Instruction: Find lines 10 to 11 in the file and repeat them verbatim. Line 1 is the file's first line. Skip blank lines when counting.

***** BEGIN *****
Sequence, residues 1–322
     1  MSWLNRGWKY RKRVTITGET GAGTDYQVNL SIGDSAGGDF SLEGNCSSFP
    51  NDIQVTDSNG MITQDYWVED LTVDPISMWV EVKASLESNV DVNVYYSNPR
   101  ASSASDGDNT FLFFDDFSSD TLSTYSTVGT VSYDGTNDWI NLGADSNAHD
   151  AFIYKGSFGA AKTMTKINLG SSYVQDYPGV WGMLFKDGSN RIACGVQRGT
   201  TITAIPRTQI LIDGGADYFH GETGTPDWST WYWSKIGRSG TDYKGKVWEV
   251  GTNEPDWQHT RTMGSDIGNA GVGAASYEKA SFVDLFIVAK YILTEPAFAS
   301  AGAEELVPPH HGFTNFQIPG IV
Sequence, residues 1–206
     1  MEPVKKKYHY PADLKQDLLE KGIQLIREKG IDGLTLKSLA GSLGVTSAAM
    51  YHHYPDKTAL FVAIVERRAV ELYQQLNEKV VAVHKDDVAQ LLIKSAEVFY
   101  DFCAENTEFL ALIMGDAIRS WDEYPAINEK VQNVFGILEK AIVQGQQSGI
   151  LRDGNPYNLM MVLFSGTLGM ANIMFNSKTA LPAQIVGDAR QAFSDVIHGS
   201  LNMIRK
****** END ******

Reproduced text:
     1  MEPVKKKYHY PADLKQDLLE KGIQLIREKG IDGLTLKSLA GSLGVTSAAM
    51  YHHYPDKTAL FVAIVERRAV ELYQQLNEKV VAVHKDDVAQ LLIKSAEVFY